signs as non-standard tick marks, where thin vertical lines would
normally be used. A drop in the green line indicates a death, while a
tick mark indicates censored data. Numbers have been added to indicate
the patients in (approximate) order of enrollment. Only 30 patients
were found, perhaps because of superimposed tick marks on the original
graph. Patient 1 was first to enroll, and he unfortunately died on day
589 of his personal TNFerade experiment. Patient 2 enrolled 442 days
before the data collection, so he is censored at day 442; we know that
he survived that long. He might have died on day 443, he might be out
playing golf, we know only that he survived 442 days. Patient 3
enrolled 69 days after patient 2, so our knowledge is censored after
373 days. Since other patients enrolled later and later, we have fewer
and fewer days of knowledge concerning patients 4, 5, 6, 8, etc.
Patient 7 is not censored, because he died, as did patients 13, 14, and
23. So, 5 patients died, and the other 25 are censored. The interim
evaluation leads to many censored data.
Now look at how the survival probabilities are calculated. When
patient 23 died on day 110, he was one of 23 to have lived at least 110
days. Therefore the survival probability then was 22/23 = 0.957. The
drop is 1-0.957 = 0.043. When patient 14 died on day 181, the survival
probability is estimated as (22/23)*(13/14) = 0.888. The drop is
0.957-0.888 = 0.069. The drop is a little sharper, because patient 14
was a member of a smaller sample. Finally, as it happened, the patient
who enrolled first did die after 589 days. With all the other patients
censored out, or deceased, he was a sample of one and the whole sample
died. If the first-enrolled patient had continued to live until the
data collection day, then the graph would end with a tick-mark and not
with the sharp drop to zero.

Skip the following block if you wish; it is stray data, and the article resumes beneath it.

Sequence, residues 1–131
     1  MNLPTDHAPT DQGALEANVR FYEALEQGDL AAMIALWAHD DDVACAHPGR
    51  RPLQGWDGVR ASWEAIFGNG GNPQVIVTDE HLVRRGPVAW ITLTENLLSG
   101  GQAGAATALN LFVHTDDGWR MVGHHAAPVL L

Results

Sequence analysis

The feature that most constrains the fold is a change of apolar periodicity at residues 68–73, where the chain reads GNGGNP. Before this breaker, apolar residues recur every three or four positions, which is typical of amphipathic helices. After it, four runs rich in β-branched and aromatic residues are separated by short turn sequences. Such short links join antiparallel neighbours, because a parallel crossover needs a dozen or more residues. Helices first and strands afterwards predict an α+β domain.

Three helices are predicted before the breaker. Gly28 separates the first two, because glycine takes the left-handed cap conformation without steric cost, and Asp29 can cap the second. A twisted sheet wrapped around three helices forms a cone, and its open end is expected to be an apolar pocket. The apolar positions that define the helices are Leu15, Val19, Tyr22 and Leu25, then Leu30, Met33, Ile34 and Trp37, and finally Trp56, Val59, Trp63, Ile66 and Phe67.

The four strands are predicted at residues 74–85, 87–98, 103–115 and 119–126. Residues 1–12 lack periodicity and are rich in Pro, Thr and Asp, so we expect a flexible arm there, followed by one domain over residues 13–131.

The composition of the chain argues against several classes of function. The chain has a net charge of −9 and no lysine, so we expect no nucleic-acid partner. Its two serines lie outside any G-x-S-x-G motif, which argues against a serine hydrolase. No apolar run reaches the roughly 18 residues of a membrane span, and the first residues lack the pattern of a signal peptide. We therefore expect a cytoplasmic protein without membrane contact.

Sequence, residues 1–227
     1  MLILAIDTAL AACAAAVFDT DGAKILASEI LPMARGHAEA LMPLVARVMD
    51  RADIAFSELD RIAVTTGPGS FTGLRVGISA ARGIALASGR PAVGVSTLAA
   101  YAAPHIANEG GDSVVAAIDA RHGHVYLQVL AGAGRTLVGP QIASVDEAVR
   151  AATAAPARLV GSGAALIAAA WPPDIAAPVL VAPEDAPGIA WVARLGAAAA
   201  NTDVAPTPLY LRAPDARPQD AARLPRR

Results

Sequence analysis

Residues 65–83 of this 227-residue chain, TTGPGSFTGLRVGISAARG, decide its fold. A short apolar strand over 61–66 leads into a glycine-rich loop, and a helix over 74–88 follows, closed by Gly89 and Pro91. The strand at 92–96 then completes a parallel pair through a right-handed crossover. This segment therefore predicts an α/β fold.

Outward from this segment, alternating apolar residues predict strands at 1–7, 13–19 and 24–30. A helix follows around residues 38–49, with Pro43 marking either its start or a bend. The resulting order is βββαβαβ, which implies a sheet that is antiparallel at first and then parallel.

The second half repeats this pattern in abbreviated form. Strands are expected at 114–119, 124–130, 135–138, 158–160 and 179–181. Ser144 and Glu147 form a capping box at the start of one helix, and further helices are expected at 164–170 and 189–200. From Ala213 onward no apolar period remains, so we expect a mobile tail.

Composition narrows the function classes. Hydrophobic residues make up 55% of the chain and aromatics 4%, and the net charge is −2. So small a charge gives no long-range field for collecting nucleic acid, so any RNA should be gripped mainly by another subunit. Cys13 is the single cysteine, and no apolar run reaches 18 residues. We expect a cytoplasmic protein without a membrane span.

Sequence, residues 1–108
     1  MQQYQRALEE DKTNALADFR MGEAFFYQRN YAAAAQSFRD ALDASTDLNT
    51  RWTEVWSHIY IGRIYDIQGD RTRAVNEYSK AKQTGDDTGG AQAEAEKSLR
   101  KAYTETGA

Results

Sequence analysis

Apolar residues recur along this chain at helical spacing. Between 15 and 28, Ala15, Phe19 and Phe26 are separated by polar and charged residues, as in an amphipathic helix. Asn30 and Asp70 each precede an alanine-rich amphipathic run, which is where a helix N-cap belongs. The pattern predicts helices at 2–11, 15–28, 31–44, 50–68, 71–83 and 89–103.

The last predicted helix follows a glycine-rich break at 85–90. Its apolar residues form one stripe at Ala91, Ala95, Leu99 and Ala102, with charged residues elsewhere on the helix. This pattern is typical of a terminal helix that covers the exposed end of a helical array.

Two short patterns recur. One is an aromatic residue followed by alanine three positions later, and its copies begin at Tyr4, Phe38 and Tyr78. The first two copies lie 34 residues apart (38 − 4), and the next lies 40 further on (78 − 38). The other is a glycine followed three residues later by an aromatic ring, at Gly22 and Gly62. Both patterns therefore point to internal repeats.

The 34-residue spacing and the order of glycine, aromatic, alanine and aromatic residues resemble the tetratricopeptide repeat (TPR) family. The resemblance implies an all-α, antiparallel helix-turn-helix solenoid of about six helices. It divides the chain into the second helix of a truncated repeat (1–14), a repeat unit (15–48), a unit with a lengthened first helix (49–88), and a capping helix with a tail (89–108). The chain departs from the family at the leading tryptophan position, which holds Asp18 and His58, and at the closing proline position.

For more detail, see the Wikipedia
Kaplan-Meier. In the example there, the censored data are fewer,
except that the experiment ends with many patients still living.
Technical issues: For patients
represented by tick marks, we have approximate knowledge of when they
enrolled, measured in days before the interim data collection. (The
data were "collected" from the routine record of each patient's most
recent clinic visit.) When a patient died, that limits our knowledge of
when he enrolled. Putting those ideas together, the patients may have
enrolled in a different sequence, not exactly as numbered or as implied
by the text. The numbers were added for explanatory purposes and are
not part of the original presentation.
Disclaimer: The purpose of this
web page is to explain the Kaplan-Meier graph for readers who may be
well educated, but are not statisticians or clinical researchers. The
discussion is based on public information and was not authorized by
GenVec. Nothing above is intended to quarrel with the data, or with any
person. On the other hand, the discussion is intended to make sense,
and I welcome any suggestions to improve it. Jim Worthey
Jim Worthey Home Page, http://www.jimworthey.com
2007 James A. Worthey, email: email@example.com
Page last modified, 2007 June 16, 01:35